Texas 2

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BIOGRAPHICAL INFORMATION

AGE: 62

DATE OF BIRTH (DD/MM/YYYY): 1938

PLACE OF BIRTH: Martin, Texas

GENDER: male

ETHNICITY: Caucasian (Scots-Irish)

OCCUPATION: political lobbyist

EDUCATION: college

AREA(S) OF RESIDENCE OUTSIDE REPRESENTATIVE REGION FOR LONGER THAN SIX MONTHS:

Subject has lived his entire life in Central Texas, living in Waco and Austin. He was in Dripping Springs when recorded.

OTHER INFLUENCES ON SPEECH:

Subject has studied Texas history extensively and taken various courses related to politics and business.

The text used in our recordings of scripted speech can be found by clicking here.

RECORDED BY: Pamela Christian

DATE OF RECORDING (DD/MM/YYYY): 23/12/2000

PHONETIC TRANSCRIPTION OF SCRIPTED SPEECH: N/A

TRANSCRIBED BY: N/A

DATE OF TRANSCRIPTION (DD/MM/YYYY): N/A

ORTHOGRAPHIC TRANSCRIPTION OF UNSCRIPTED SPEECH:

I was born in Mark, Texas, in a house, not in a hospital, and as many of my contemporaries were. Mark, Texas, is a cotton farmland area at that time that was inhabited mostly by three ethnic groups. Number one, which I belong to and come from, is pure Scots-Irish. The dominant ethnic group of Texas and the dominant culture of Texas is essentially a Scots-Celtic culture and I was born into that. My grandfather was born in Texas at the same town in a wagon. His father was killed on a cattle drive and his mother probably was a Cherokee squaw that he had picked up in east Texas before the Civil War. So that’s on my mother’s side. On my father’s side my great-grandfather came as a child, I mean my great-great grandfather, came as a child to Texas in 1845 from Mississippi/Tennessee area. The Curlies came was typical Scots that fleed the battle of Argoden — I mean Caloden — came to the United States, fought in the Revolutionary War, started going west, and they were typical Scots-Irish frontiers men. Part of the family came to Texas. Another part of the family went to Missouri and started the clothing manufacturing store … business. So my family were just poor Scots-Irish dirt farmers. In my community, that Mark was raised in, we had Germans on one side of town, they had farms generally, and the best- the best farms the Germans had. The other side of town were the little best, not quite as nice a farms, were the Czechs, and then the majority of the people there were Scots-Irish and then a large, ’bout third of ’em, were black farm workers. So all of those three things contributed to the language. I think that essentially the language is dominated by the Celtic’s Scots-Irish way of thinking and talking. One of the things that is in small towns in Texas, and mines the same way, is everyone has a nickname Every single person nearly has a nickname and that is — just goes through the whole town. We had, that’s both black and white, one of the- one of the black guys was called The Shadow because he was so, so black. If in one of the kids — and you got these nicknames from things that happened to ya as a child and they were usually very embarrassing things like a kid that — whose nose ran a lot or had a lot of colds or stuff, he was called Booger. And he called Booger the rest of his life. One kid, they caught him eating bugs when he was a child, he was eating these little doodle bugs, and so for the rest of his, his life his names was Bugsy. Hickey was a guy that had a big boil on the back of his- on his butt. His name was Hickey Butt. My nickname was Guildersleeve. And that came from the way I laughed when I was a child because there was a radio character named Guildersleeve on the radio in the forties and thirties, and that’s where my nickname came. And, and my family still calls me that. So first thing is: Everybody has a nickname.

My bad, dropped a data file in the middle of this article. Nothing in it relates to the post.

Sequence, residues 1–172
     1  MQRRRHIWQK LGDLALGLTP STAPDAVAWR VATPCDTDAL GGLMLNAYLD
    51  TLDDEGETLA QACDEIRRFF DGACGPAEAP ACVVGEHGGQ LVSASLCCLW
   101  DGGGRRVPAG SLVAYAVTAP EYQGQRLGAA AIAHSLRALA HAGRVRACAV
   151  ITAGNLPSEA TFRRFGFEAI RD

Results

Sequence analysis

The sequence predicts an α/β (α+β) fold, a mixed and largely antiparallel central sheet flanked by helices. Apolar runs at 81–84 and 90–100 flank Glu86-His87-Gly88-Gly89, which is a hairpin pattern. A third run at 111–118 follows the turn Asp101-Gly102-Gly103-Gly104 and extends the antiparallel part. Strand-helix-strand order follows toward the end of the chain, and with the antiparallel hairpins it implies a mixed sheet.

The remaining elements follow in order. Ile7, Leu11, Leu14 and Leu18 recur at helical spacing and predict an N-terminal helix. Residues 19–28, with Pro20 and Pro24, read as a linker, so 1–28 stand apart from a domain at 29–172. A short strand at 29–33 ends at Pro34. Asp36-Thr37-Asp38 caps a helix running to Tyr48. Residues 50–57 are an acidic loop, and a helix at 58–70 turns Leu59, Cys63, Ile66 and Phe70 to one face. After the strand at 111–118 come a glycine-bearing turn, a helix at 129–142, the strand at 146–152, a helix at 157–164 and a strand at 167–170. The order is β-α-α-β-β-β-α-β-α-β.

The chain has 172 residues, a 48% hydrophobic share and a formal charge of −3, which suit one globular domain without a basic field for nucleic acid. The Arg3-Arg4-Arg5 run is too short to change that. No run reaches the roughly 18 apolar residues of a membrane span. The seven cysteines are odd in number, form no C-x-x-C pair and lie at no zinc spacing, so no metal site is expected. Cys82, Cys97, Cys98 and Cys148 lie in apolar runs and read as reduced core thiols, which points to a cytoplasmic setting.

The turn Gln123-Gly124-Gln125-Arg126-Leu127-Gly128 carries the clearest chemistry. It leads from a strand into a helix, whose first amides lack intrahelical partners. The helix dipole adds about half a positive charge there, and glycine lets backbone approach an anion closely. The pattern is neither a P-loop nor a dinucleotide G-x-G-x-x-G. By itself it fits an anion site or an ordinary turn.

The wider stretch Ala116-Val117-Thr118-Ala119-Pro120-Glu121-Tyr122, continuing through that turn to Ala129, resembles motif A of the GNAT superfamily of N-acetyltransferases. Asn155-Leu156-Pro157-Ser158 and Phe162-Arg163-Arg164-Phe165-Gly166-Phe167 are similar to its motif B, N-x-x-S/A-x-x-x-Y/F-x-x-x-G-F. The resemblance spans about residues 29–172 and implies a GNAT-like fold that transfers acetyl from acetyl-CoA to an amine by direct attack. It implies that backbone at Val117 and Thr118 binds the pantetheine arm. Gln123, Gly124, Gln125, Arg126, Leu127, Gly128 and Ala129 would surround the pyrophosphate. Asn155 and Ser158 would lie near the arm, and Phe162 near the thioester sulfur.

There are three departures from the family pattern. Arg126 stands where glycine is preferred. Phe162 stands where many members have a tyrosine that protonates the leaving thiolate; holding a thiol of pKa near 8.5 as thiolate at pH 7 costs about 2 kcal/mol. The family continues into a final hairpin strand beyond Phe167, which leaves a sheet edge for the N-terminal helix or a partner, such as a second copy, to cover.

TRANSCRIBED BY: Justin Knudsen

DATE OF TRANSCRIPTION (DD/MM/YYYY): 15/03/2008

PHONETIC TRANSCRIPTION OF UNSCRIPTED SPEECH: N/A

TRANSCRIBED BY: N/A

DATE OF TRANSCRIPTION (DD/MM/YYYY): N/A

SCHOLARLY COMMENTARY:

Subject, who has a rich Texas dialect, reads most of “Comma Gets a Cure,” then proceeds to talk about his Scots-Irish heritage and Texas culture in general. Most notably, the subject mentions the strong use of metaphors, similes and nicknames in Texas speech. Note the major and minor elongations of vowels. The pitch patterns and rhythms of this speech are defined by internal vowel lilts that tweak the words upward. Endings of “ing” are pared down in words like “comin'” and “goin’.” Subject uses liquid “u” in words such as “tune” and “new.” Other words like “cure” and “pure” (already liquid “u”) are given an additional dose of the “y” sound. The “r” sound is created with a bearing-down action. The tongue is tense and curls upwards to the aveolar ridge as the lips tighten forward in the shape of a small “o.” Placement of sound is geared toward the back of the throat, just past the center of the hard palate. Note some present (but inconsistent) pronunciations and sound changes: “metaphor” pronounced metph[er]; “woman” pronounced w[ou]man; “on” pronounced [au]n; and “that” pronounced th[e]t.

COMMENTARY BY: Pamela Christian

DATE OF COMMENTARY (DD/MM/YYYY): 23/12/2000

The archive provides:

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  • Scholarly commentary and analysis in some cases.
  • In most cases, an orthographic transcription of the speakers’ unscripted speech.  In a small number of cases, you will also find a narrow phonetic transcription of the sample (see Phonetic Transcriptions for a complete list).  The recordings average four minutes in length and feature both the reading of one of two standard passages, and some unscripted speech. The two passages are Comma Gets a Cure (currently our standard passage) and The Rainbow Passage (used in our earliest recordings).

 

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